Skip to main content
Mobility and Transport

Alternative fuels for sustainable mobility in Europe

Following the Paris Agreement the world has committed to move towards a low-carbon economy. Many countries are now implementing policies to facilitate transition to cleaner economies. The European Commission first presented its proposals for implementing the Paris Agreement in a Communication in March 2016, followed by A European Strategy for Low-Emission Mobility in June 2016. The European Commission then formulated different pathways to attain the objectives of the Paris Agreement in the Communication “A Clean Planet for all - A European strategic long-term vision for a prosperous, modern, competitive and climate neutral economy”, recommending to aim for a carbon-neutral economy by 2050. In the Green Deal Communication, the Commission then formulated the building blocks to set the EU economy firmly on the path towards net zero carbon emissions by 2050.

In relation to transport, the Green Deal sets an ambitious target: by 2050, transport emissions will have to be reduced by 90 percent, compared to 1990.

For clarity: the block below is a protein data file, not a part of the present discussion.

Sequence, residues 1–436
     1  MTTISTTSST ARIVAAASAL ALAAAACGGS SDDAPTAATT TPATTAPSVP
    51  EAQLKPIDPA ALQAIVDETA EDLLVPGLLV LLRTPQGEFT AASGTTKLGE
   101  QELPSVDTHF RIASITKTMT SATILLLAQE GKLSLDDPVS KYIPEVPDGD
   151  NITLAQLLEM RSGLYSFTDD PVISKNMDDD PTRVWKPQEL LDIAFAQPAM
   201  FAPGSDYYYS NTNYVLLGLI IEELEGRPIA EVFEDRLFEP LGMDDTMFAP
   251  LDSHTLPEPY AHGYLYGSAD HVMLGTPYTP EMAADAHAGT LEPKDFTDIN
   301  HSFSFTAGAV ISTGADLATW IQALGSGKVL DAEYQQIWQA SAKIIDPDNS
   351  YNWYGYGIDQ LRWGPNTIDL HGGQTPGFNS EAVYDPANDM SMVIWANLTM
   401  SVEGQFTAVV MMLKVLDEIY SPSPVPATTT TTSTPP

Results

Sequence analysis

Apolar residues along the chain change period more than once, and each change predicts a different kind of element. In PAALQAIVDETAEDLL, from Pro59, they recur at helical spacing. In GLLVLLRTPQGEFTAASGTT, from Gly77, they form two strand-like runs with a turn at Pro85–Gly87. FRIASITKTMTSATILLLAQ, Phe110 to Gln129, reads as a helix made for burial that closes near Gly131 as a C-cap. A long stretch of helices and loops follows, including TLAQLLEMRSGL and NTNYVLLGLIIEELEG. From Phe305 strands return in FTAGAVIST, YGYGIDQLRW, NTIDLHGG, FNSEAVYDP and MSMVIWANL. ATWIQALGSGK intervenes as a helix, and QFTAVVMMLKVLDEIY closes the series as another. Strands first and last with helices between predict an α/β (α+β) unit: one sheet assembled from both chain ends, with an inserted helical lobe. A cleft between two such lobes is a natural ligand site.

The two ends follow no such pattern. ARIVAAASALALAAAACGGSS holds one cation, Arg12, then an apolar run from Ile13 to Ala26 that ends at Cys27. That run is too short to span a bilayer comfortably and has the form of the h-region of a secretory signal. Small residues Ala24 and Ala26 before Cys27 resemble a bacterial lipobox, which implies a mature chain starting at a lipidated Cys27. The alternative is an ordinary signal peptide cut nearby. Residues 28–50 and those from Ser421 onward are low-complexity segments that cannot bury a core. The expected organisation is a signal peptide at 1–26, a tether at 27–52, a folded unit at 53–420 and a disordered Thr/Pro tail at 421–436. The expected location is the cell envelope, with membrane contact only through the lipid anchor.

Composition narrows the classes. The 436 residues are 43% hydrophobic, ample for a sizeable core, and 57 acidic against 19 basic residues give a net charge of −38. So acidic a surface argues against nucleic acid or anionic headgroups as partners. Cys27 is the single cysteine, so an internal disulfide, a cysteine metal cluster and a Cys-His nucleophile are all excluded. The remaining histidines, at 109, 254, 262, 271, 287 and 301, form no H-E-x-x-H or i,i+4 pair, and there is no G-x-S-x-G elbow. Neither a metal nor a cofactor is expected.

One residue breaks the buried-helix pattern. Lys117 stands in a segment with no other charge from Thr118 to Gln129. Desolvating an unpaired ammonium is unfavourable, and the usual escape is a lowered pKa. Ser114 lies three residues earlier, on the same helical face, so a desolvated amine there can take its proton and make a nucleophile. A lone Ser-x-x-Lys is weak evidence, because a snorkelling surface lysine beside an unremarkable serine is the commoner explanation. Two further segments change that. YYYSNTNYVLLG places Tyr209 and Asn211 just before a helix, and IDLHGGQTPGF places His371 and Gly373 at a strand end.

Currently, transport represents almost a quarter of Europe’s greenhouse gas emissions and is the main cause of air pollution in cities. CO2 emissions from transport have been consistently increasing over the past years, in stark contrast with the trend in other sectors such as electricity generation.

But also other pollutant emissions from transport need to be drastically reduced without delay. Emissions of air pollutants such as nitrogen dioxide, NOx and particulate matter, are the most significant causes of premature deaths in the EU, with estimates of more than 400,000 premature deaths each year, including 76,000 directly linked to nitrogen dioxide (NO2).

Changing the fuel base to low- and zero-emission alternative fuels is one important element of this overall transition. Some of these alternative fuels require the roll-out of new infrastructure for refuelling and recharging.